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A Righteous Branch: Advent 1C

Sermon Thoughts for the First Sunday of Advent

Texts:

  • Old Testament: Jeremiah 33:14-16
  • Psalm 25:1-10
  • New Testament: 1 Thessalonians 3:9-13
  • Holy Gospel: St. Luke 21:25-36

Texts In Summary:

As we move into Advent, we begin at the end – with a dose of eschatology and apocalypticism. In November, the lectionary cycle ended with a distinct turn towards the end of things, and we pick up there as well, like a snake devouring its own tail.

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Behold Our King

A Homily for the Feast of Christ the King

Texts: Daniel 7:9-10, 13-14; Revelation 1:4b-8; St. John 18:33-37


Grace to you and peace from God our Heavenly Father and Christ Jesus our Lord, the King, who comes riding on the clouds. Amen.

This is our King?

Arrested, standing trial, bound, headed for Golgotha?

It’s so far removed from our expectations. This does not look like the One Like a Son of Man who, in Daniel, comes with the clouds of heaven to receive dominion and glory and kingship from the Ancient One, standing before a fiery throne. Hours before his death, this does not look like one who will be served by all peoples, nations and languages, who will receive everlasting dominion and kingship that shall never be destroyed.

This is not exactly Alpha and Omega, Who Is and Who Was and Who Is to Come. This is not our picture of the Almighty.

This is not even our picture of an earthly ruler.

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Not One Stone

A Homily for the Twenty-fifth Sunday after Pentecost

Text: St. Mark 13:1-8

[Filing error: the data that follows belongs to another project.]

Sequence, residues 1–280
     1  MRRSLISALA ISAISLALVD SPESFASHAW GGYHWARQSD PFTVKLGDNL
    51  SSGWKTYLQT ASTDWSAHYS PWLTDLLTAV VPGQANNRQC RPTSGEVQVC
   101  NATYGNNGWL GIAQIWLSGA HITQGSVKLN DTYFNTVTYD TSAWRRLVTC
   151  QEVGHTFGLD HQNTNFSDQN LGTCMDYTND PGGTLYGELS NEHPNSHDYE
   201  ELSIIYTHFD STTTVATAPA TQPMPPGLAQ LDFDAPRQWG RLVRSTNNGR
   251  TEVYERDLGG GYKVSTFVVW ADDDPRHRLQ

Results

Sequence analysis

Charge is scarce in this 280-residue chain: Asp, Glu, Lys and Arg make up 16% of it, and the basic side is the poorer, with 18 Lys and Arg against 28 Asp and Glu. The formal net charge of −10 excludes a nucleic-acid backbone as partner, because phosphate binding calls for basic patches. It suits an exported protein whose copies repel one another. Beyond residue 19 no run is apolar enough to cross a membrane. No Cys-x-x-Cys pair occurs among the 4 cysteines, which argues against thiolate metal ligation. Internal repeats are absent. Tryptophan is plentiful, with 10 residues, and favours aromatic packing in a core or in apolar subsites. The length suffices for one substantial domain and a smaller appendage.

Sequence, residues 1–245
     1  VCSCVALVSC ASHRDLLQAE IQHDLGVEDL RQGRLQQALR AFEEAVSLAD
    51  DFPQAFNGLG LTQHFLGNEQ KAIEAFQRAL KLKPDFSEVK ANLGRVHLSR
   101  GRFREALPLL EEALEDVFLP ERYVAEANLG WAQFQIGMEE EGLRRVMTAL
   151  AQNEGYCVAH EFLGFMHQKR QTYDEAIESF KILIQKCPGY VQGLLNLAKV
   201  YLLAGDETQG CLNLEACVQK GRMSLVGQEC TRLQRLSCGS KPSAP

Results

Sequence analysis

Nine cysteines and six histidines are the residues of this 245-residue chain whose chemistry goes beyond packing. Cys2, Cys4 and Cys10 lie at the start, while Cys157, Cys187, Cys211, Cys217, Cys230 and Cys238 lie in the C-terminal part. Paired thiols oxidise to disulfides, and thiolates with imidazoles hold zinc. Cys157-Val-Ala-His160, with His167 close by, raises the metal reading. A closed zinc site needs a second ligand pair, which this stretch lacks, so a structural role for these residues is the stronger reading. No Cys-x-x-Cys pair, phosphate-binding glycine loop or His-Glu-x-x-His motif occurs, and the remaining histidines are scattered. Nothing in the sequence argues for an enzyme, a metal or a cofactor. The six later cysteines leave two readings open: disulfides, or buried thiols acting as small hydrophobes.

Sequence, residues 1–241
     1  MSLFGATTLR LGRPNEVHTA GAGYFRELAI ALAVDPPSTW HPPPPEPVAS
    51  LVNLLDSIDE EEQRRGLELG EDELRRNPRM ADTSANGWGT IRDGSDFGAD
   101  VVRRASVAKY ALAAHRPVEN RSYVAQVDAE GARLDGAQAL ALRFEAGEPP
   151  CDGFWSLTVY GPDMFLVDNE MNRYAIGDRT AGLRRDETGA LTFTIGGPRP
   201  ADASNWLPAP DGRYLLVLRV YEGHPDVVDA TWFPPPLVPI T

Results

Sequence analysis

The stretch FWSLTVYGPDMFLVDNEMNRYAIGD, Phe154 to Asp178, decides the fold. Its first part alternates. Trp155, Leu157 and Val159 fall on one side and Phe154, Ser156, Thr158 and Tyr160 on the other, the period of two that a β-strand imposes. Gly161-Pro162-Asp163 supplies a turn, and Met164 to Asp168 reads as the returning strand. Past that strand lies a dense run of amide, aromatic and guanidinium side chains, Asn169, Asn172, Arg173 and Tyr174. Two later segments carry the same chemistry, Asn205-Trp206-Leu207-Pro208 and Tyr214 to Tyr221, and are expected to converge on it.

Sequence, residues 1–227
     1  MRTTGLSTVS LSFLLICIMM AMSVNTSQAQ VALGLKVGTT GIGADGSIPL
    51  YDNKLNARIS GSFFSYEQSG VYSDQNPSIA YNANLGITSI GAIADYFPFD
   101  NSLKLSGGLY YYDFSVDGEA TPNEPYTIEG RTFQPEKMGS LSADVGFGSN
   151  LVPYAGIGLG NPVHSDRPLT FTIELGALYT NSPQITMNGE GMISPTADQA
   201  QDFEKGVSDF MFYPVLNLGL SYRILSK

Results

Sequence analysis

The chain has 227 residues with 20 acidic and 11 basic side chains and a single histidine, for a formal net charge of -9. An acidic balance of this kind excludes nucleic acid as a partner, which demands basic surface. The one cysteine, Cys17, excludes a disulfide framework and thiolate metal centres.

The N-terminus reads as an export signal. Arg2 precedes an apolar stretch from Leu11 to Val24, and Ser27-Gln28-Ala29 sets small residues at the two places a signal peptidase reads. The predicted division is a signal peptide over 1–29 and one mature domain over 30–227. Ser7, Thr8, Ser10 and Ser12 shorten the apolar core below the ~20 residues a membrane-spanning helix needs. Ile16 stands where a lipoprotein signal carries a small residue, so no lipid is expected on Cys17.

Grace to you and peace from God our Heavenly Father and Christ Jesus our Lord, who is coming again in glory. Amen.

Rome. The Eternal City.

It sounds like the tagline for a fantastic tourism ad campaign. Or maybe like it was written by some 19th century Romantic, as though Percey Shelley coined the phrase in writing to Keats. Or perhaps it’s some medieval papal propaganda, as though Boniface IX granted Rome the title to spite those antipopes in Avignon?

The moniker actually dates back much, much further. The Roman poet Tibullus first called Rome Urbs Aeterna in the first century while the empire was still pretending to be a republic. The city was already seven centuries old. And this before Octavian became the Augustus and built his palatial estate on Palatine Hill overlooking the Circus Maximus, before Vespasian ordered the construction of the Colosseum, and before the Arch of Titus was built, dedicated “to the divine Titus Augustus, son of the divine Vespasian.” This arch celebrates the Roman military defeat of Jewish rebels, the ransacking of Jerusalem, and the destruction of the Temple in the year 70.